I picked him up at the airport last week. What struck me first was how ugly his hat was. A fleece baseball cap. I blamed his mother, signed the Unaccompanied Minor form they made him wear on a red elastic string around his neck, stuffed the offending hat into his overstuffed yellow backpack, and we left. No checked baggage. I love a kid who travels light.
Often when Francis and I hook up, some time has passed since we last saw each other. This time it had only been three months, but when you’re seven-and-a-half, three months can hold a decade of things to catch up on. He was taller, and his legs were beginning to take up more of him than they looked like they should. Stick legs folded into oversized green rubber boots with laces. Very practical footwear. I always appreciated that trait in his mother, too. Warm-lined navy blue rainjacket.
Just a normal little boy, right?
He touches everything, runs his hands over things. His knees bounce, his head turns, and his fingers tap. Then I see it.
His pinky fingernails are very long. I’m pretty sure that even Whitehorse Elementary, a historically notoriously tough place to endure Grade 2, does not yet have a cocaine problem.
No, I’m pretty sure Francis has long pinky fingernails because somehow, he has managed to keep a hold on something of the littler boy he once was: the sunflower-print dress be-decked fairy child, before public school and divorces and reality set in and someone started calling him queer.
He left his dresses at home in a box under his bed, even to come to Vancouver to see me, but he did bring his blue crushed velvet hotpants and velour copper coloured top, though, and I breathed a sigh of relief that night when he came out of his room dressed for dinner.
I realized at the Value Village the next day how much I had invested in this little boy. How much I hoped fucking Whitehorse Elementary wouldn’t kick the faggot right out of him. If he can make it, then so can I.
We were going to be pirates for the Fool’s Parade, and fortunately, I was already quite prepared. A short stop at the home of the girl up the street produced a virtual pirate’s booty of baubles and sashes and bandanas. We were searching through the girl’s pants in the Village when it happened.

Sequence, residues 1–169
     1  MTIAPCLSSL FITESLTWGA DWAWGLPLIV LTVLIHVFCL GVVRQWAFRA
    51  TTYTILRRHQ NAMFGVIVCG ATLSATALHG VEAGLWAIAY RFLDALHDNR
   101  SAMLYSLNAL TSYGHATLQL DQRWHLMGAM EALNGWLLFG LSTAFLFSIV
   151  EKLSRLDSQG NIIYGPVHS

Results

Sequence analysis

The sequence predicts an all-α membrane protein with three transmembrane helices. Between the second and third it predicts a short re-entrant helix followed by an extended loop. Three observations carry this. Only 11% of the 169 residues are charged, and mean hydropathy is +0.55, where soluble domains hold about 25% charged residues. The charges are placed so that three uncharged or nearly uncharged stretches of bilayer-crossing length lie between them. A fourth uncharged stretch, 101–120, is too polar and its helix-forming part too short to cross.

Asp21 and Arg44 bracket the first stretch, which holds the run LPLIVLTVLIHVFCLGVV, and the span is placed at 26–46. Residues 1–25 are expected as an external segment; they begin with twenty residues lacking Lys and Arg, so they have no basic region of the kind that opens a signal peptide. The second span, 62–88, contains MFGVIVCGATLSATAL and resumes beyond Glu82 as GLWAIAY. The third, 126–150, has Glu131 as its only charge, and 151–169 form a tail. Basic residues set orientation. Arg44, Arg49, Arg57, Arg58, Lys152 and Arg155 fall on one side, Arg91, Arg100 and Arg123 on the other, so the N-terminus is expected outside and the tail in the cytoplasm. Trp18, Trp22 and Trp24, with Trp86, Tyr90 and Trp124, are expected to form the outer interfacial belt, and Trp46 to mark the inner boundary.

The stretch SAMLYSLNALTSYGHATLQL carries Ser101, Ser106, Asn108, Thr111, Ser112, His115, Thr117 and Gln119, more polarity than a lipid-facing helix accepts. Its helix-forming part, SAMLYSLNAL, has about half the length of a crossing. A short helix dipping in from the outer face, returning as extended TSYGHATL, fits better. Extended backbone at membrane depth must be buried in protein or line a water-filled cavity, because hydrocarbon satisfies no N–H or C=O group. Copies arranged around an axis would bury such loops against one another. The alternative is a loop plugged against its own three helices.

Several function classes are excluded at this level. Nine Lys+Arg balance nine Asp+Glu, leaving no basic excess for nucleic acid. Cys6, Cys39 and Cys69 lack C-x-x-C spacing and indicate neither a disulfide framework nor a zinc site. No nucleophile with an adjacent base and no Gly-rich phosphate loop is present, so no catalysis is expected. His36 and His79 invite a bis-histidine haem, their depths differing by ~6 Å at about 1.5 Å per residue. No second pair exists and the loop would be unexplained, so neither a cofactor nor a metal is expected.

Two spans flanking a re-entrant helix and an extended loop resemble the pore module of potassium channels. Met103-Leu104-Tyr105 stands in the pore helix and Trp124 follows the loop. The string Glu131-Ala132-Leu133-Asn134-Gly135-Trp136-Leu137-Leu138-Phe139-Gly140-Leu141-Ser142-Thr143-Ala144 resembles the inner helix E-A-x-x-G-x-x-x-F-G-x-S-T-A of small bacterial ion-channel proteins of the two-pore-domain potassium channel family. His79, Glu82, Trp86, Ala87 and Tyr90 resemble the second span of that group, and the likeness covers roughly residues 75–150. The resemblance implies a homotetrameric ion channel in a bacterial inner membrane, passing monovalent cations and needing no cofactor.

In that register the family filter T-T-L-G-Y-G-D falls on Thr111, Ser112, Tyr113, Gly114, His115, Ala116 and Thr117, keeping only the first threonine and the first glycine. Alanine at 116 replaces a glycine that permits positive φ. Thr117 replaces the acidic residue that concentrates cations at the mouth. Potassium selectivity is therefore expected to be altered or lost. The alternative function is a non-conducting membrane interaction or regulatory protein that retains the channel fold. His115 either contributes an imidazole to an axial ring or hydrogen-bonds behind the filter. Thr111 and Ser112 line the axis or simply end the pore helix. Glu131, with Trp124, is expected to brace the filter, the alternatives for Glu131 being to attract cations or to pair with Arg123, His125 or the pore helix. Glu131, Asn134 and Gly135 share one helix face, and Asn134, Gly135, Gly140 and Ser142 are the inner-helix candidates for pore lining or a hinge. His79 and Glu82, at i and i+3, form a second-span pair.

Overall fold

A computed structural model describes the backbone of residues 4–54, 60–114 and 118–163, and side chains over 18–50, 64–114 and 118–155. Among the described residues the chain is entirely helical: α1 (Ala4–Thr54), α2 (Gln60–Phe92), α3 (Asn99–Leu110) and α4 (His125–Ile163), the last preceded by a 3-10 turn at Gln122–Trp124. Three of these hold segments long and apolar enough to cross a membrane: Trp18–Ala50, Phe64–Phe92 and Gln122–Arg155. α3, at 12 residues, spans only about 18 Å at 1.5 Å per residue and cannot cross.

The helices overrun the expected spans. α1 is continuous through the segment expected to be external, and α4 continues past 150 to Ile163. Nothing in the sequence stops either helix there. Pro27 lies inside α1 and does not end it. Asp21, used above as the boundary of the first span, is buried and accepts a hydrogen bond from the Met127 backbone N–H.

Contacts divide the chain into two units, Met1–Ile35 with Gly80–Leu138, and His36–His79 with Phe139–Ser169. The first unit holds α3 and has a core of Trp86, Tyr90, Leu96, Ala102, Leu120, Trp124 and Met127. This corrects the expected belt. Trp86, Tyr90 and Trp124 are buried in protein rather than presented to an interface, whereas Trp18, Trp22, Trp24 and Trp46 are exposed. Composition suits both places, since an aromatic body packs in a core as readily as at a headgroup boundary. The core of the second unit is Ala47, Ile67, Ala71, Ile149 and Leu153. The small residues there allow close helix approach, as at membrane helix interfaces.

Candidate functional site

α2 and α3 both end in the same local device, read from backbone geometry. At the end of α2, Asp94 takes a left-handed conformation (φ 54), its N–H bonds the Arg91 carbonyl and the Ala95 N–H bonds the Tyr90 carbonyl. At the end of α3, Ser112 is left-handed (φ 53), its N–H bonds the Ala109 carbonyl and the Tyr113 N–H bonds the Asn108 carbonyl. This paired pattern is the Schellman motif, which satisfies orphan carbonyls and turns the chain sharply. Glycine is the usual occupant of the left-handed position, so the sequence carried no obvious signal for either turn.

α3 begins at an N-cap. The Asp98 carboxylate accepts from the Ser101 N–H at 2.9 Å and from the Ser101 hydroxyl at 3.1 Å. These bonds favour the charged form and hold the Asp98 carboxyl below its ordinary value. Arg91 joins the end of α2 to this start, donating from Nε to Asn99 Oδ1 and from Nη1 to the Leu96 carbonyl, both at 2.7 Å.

A pair of black, crushed velvet pants with gold lame parrots embossed around the bell bottoms. My eyes lit up and I ripped them off the hanger. The perfect pirate’s pants. Francis ran his hands over them, and I watched his face go from sparkling to something else altogether. A small cloud crossed inside his brown eyes, a picture played behind it in his head, and he shook it out. He made a face and dropped the pants. “A pirate wouldn’t wear those,” he said with fierce commitment.
“Dude, are you joking? They have parrots on them.” I argued with a seven-year-old for a minute, and then stopped myself. I was doing what my mother did. I remembered the summer I turned 11 and a yellow and grey dress for my Aunt Norah’s wedding, me paralyzed in a dressing room and the shopkeeper standing next to my mother pleading “Come on out honey, it’s okay, I’m sure you look just lovely. It’s a beautiful dress, Pat, and one she can wear anywhere.”
I had felt actual panic that day, both at the thought of looking beautiful, and at the very concept of owning a dress that was both “formal enough for a wedding, but not too dressy for school.”